Typography Lessons From the Masters

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Last year, when we decided to do an issue on typography, I casually slugged the

February 2015 volume “Typography Today.”* We thought nothing more of it, and went about the business of gearing up for the long RDA haul and wrapping up the rest of our 2014 issues.

Months later, Allan Haley’s fascinating story for the February issue about type visionary Aaron Burns, Herb Lubalin and the formation of the ITC pinged into my inbox. I read it. Curious about a random fact on Burns’ middle years, I began Googling around, and came across a page that referenced a Burns quote on typography from a 1960s-era issue of Print.

Into the archives I went. The Print archives are a comically vast and amazingly thorough set of documents chronicling the history of American graphic design. And every time I feel I’ve gotten a decent handle on them, something new pokes out of the sand.

In this case, I tracked the quote down—in a 1964 issue of Print entitled “Typography Today.”

… Guest-edited by none other than Aaron Burns himself.*

And in its pages, Burns, Paul Rand, Leo Lionni, Herb Lubalin and many others share their insights on the art and craft of typography.

Here, we present a selection of them. Enjoy.

* Matteo Bologna would eventually shorten my longwinded title to “Type Today” to make aesthetic sense of our core coverline. But still.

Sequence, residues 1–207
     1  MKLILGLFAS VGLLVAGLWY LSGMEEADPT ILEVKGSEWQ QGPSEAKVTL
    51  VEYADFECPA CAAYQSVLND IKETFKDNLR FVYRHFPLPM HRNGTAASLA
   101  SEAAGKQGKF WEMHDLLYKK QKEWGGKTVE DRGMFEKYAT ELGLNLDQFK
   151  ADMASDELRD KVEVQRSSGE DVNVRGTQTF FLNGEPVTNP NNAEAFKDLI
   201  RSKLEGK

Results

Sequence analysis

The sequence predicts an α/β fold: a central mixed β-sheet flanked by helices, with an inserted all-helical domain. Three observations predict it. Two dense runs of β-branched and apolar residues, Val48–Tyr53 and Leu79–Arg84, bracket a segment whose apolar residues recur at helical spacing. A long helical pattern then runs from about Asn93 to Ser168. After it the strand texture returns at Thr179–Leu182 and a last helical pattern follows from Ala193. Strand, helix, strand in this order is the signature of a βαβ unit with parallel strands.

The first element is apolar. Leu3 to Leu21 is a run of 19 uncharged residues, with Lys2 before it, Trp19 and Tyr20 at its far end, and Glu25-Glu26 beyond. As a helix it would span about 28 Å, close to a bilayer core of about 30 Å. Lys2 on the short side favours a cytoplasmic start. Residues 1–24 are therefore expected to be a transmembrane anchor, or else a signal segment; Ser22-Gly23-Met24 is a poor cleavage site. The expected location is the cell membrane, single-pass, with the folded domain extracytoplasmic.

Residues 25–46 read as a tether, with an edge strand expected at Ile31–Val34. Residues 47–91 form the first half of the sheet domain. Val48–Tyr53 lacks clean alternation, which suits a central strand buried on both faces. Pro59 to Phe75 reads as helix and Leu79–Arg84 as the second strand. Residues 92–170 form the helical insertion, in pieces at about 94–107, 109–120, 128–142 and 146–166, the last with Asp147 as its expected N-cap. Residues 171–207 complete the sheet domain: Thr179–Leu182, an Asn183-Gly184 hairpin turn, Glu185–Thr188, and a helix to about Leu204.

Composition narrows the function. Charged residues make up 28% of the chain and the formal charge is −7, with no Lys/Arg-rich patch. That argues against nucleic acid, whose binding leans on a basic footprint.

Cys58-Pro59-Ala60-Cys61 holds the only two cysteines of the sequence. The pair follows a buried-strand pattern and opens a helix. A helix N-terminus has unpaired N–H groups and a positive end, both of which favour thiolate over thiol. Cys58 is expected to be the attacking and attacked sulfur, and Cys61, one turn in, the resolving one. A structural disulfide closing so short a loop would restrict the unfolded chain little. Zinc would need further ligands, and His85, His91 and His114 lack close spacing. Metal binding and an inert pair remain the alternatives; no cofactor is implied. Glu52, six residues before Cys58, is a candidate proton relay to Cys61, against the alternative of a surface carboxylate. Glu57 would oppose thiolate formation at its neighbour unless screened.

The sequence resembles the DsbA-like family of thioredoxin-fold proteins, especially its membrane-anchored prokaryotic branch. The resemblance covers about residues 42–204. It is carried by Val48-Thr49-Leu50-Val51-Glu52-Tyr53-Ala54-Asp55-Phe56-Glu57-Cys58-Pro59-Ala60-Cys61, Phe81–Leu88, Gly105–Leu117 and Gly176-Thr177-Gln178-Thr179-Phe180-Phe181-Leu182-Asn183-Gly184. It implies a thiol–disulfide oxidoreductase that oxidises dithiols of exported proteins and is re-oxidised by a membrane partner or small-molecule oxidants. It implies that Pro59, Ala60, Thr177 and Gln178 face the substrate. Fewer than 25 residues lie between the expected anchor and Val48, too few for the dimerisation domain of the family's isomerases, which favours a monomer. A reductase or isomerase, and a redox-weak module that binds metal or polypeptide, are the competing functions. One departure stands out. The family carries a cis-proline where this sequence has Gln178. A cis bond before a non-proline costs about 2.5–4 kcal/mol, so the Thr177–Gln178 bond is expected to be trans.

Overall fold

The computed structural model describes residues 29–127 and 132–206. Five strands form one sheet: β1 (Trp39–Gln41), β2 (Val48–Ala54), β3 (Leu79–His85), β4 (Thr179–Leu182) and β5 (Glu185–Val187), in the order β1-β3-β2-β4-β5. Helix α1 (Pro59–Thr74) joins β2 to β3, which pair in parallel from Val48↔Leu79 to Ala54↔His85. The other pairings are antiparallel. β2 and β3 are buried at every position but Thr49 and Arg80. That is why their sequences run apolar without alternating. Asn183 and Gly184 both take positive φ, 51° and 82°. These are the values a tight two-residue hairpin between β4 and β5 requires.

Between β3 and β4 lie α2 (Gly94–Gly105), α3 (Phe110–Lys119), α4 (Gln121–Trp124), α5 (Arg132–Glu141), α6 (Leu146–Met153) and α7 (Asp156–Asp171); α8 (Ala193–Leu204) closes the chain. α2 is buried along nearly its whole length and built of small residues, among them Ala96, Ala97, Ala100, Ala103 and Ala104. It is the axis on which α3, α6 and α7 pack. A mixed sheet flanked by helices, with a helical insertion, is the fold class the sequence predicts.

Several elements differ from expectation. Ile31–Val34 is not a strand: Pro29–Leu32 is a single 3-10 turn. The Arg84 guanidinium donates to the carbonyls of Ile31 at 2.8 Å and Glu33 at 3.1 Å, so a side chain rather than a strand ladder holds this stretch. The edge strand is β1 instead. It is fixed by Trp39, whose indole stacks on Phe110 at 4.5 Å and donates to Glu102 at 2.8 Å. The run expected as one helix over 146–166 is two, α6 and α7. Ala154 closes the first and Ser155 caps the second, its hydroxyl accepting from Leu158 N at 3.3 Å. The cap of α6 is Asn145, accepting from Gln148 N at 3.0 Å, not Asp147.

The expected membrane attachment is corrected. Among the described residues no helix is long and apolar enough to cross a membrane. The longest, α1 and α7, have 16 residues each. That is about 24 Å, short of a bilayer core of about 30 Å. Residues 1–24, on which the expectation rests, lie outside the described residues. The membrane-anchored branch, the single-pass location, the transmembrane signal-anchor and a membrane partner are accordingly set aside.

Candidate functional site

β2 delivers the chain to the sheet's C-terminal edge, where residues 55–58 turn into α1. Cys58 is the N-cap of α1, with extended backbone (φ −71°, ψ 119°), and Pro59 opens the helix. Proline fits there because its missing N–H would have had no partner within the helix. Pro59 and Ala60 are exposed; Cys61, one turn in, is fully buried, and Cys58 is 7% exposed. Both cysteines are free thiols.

* Real-edited, of course, by Martin Fox.


Aaron Burns’ editor’s letter. Click for higher res.


Table of Contents. Click for higher res.


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“Modern Typography in the Modern World” by Paul Rand. Click for higher res.


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A contribution by Herb Lubalin. Click for higher res.


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Jan Tschichold looks back on what he got wrong in Die Neue Typographie. Click for higher res.


Strathmore ad featuring Lubalin.


Lubalin’s response.


Check out the February 2015 issue of Print, featuring a profile of Aaron Burns and the rise of the ITC, essays from the top minds in typography today, Matteo Bologna on why you should design your own typefaces, a Q&A with Oded Ezer, and much, much more.